YouTube spent millions building a highly-effective copyright infringement prevention system designed to thwart all use of copyright without permission.

YouTube-mp3 is reported the world’s largest stream-ripping website. The plaintiffs claim the site has millions of users and is responsible for 40% of the total global copyright infringement.

Copyright Infringement
Hence the recent, massive lawsuit the Recording Industry Association of America (along with fourteen other named plaintiffs, including Warner Bros. Records, Sony Music Entertainment, and more) filed against YouTube-mp3, reportedly the world’s largest stream-ripping website. The plaintiffs claim the site has millions of users and is responsible for 40% of the total global copyright infringement arising from ripped YouTube videos.  YouTube-mp3 is also pulling in substantial revenue from its website traffic through various advertising platforms. Per federal copyright regulations, the plaintiffs are seeking $150,000 per infringed work and $2,500 for each act of copyright infringement.

The Fate of Ripping Websites
While implementation of such fines, as well as a grant of the plaintiffs’ requested permanent injunction, would easily shut YouTube-mp3 down, there are many other ripping sites now operating on the internet. A quick Google search of “How to download YouTube videos” will pull up several sites. With each one the recording industry is able to shut down, it is likely another will pop up.

Today’s highly-viral age creates an interesting dichotomy between the desire for content to be shared while simultaneously maintaining enforcement of proper licenses and royalty agreements. As a result, copyright infringement litigation has grown complex and techno-savvy experts are more frequently needed to dissect the copyright licenses that are granted, conditioned, or violated in a matter of three clicks.

This trend extends not only to audio tracks and albums, but any media generated and shared on the internet. If you have clients creating and uploading content (videos, diagrams, schematics, etc.), copyright permissions will always be a concern, requiring smartly-crafted clickable Terms of Service, implementation of copyright infringement prevention systems as well as on-going efforts to shut down work-arounds like YouTube ripping. Everything on the internet continues to be shared, converted and downloaded more freely. We’re looking forward to monitoring the state of copyright infringement cases that will shape the future of online content sharing.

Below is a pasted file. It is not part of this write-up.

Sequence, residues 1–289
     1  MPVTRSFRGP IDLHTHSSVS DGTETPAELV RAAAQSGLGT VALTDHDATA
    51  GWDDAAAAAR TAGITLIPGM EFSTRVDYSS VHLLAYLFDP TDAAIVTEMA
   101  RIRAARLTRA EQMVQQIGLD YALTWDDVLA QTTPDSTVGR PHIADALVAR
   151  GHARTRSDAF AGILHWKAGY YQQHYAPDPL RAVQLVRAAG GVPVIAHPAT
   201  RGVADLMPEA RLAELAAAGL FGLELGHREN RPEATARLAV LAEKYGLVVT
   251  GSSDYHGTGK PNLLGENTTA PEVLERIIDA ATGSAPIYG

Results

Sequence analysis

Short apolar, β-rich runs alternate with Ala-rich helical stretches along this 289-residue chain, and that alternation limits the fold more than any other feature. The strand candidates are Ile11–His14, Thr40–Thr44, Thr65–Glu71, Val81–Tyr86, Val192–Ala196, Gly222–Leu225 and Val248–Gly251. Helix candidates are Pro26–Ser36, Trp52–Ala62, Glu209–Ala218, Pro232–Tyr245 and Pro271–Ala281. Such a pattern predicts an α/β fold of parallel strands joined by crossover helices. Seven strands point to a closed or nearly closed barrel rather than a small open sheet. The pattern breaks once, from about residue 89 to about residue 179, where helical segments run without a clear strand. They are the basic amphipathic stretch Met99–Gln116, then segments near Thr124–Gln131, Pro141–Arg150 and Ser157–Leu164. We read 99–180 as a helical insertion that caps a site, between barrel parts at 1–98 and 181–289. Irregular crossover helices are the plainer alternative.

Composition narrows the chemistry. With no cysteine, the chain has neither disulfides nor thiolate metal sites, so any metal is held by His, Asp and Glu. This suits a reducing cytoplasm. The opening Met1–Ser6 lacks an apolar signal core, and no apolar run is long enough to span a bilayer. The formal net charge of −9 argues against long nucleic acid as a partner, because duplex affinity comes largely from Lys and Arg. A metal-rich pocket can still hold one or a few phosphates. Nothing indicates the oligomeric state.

On the digital copyright front, what fires have you been fighting?

Annie Dike, Esq.

Annie Dike, Esq.

As a former trial and litigation attorney, Annie Dike has a keen eye for expert evidentiary issues and a clear voice for practical solutions.  Annie is a published author of both fiction, non-fiction, and a comprehensive legal practitioner's guide to hourly billing published by LexisNexis. Annie graduated from the University of Alabama School of Law cum laude.  While in law school, she served as Vice President of both the Bench and Bar Legal Honor Society and the Farrah Law Society and was a member of the Alabama Trial Advocacy Competition Team as well as Lead Articles Editor of The Journal of the Legal Profession.  Ms. Dike has published articles in The Alabama Lawyer and DRI MedLaw Update and has spoken on numerous legal issues at various conferences nationwide.